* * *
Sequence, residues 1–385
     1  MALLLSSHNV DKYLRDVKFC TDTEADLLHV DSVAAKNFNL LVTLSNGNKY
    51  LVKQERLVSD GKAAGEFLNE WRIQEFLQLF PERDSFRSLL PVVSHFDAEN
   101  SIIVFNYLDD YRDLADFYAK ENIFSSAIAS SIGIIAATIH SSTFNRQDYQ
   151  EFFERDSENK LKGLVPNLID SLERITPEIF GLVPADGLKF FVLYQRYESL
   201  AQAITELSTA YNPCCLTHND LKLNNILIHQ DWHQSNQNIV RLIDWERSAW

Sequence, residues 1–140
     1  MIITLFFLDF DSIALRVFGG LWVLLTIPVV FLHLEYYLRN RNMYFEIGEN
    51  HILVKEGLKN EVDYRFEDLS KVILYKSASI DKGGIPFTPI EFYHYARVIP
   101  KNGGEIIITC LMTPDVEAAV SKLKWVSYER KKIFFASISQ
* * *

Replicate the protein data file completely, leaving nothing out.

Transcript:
Sequence, residues 1–385
     1  MALLLSSHNV DKYLRDVKFC TDTEADLLHV DSVAAKNFNL LVTLSNGNKY
    51  LVKQERLVSD GKAAGEFLNE WRIQEFLQLF PERDSFRSLL PVVSHFDAEN
   101  SIIVFNYLDD YRDLADFYAK ENIFSSAIAS SIGIIAATIH SSTFNRQDYQ
   151  EFFERDSENK LKGLVPNLID SLERITPEIF GLVPADGLKF FVLYQRYESL
   201  AQAITELSTA YNPCCLTHND LKLNNILIHQ DWHQSNQNIV RLIDWERSAW

Sequence, residues 1–140
     1  MIITLFFLDF DSIALRVFGG LWVLLTIPVV FLHLEYYLRN RNMYFEIGEN
    51  HILVKEGLKN EVDYRFEDLS KVILYKSASI DKGGIPFTPI EFYHYARVIP
   101  KNGGEIIITC LMTPDVEAAV SKLKWVSYER KKIFFASISQ